COMMON HORSE BREEDS

 

PINTO HORSE

 

Origin:
North America

Pinto Horse
Photo supplied by the Victorian Pinto Society Inc.

History:
Horses with broken colored coats are mostly associated with the North American Indians even though they can be found all over the world. In 1947 the Pinto Horse Association of America was founded and provides a registry for horses and ponies with overo and tobiano color patterns. The bloodlines of the parents, the amount of color, its location, the age and sex of the horse or pony determine the registration in the Color Division or in the Breeding Stock Division.

Characteristics:
Pinto horses come from miniature to full size horses. They are divided by type.

Stock Type Horse:
predominantly of Quarter Horse breeding and conformation, generally associated with a Western breed; horses that are registered as Pinto and Paint fall into this category
Pony:
similar conformation to Quarter Horse, Western type
 
Hunter Type Horse:
predominantly of Thoroughbred and Jockey Club breeding with the conformation of an English Riding Horse; some Paint horses fall into this category
Pony:
conformation of a Thoroughbred Horse and a Connemara Pony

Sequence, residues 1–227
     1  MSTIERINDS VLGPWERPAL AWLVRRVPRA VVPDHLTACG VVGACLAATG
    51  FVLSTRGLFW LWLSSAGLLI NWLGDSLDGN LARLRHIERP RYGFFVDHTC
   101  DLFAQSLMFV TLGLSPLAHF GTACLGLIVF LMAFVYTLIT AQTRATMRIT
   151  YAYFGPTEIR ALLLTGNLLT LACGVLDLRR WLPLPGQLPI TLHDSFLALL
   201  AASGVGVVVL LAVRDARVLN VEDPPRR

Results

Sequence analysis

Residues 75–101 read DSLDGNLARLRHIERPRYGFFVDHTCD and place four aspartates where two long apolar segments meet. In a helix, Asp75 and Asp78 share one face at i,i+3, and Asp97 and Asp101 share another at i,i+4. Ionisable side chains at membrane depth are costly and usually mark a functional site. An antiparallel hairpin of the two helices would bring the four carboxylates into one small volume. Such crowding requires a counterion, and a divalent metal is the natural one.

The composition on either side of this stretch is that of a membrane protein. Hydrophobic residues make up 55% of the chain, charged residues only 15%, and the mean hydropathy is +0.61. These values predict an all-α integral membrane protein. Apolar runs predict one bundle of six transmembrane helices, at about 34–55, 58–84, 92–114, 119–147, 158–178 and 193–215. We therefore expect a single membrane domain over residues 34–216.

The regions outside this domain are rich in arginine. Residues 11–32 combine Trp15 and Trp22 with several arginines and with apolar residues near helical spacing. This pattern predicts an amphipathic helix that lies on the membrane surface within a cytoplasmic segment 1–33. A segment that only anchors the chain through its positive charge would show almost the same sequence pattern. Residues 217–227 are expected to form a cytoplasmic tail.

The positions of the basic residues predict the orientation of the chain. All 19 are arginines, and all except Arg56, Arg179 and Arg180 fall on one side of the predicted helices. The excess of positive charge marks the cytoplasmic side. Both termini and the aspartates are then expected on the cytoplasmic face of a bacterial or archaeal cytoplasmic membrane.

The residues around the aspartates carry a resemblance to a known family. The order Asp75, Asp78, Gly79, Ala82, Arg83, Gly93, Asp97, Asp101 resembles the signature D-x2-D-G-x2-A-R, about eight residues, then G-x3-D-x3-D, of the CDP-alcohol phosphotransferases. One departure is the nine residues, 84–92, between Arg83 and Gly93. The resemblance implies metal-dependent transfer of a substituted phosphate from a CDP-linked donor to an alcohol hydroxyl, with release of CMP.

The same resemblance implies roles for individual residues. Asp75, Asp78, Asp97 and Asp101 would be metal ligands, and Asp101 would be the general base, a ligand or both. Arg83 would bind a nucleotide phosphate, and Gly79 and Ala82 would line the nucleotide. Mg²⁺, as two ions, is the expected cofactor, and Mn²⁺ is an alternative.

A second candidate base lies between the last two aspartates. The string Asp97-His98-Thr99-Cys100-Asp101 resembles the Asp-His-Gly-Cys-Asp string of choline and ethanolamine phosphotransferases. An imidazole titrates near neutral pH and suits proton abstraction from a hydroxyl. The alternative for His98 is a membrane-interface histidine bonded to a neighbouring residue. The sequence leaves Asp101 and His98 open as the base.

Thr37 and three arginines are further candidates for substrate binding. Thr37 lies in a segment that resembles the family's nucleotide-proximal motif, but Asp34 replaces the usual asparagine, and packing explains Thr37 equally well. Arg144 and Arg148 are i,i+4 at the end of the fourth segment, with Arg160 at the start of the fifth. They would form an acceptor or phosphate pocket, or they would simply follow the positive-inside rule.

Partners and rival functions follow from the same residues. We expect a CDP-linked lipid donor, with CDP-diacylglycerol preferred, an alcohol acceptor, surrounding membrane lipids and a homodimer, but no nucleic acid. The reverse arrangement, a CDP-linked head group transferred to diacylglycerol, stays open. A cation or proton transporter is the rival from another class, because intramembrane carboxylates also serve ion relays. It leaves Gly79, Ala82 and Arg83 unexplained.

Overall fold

Pleasure Type Horse:
predominantly of Arabian or Morgan breeding
Pony
conformation of Arabian, Morgan or Welsh Pony
  
Saddle Type Horse:
predominantly of Saddlebred or Tennessee Walking Horse breeding,
high head carriage and animation
Pony:
conformation and action of American Shetland and Hackney Pony

 
Patterns:
Distinguished by the location of the color, the major patterns are overo and tobiano.

Overo the white will usually not cross the back between the withers and the tail
the white is irregularly splattered or splashy and is often referred to as calico; the head markings are apron-faced, bonnet-faced or bald-faced, the tail is one color
Tobiano the dark color usually covers one or both flanks
the legs are generally white at least below the hocks and knees; the spots are mostly regular and of distinct round or oval patterns and extend over the neck and chest giving a shield like appearance; head markings are a solid color or have a blaze, star, stripe or snip; the tail often has two colors
Toveros horses that have overo and tobiano characteristics

 
Colour Requirements:

- an all white horse with a colored area on the head and body
- a horse with a solid color and a spot on the body
- noticeable white markings on body, does not include head and legs, areas must be large enough to show Pinto breeding and color patterns
- a white horse with a dark cheek, cap or spotted face 

 
Today:
The good natured Pinto is an excellent riding horse and popular for ranch work.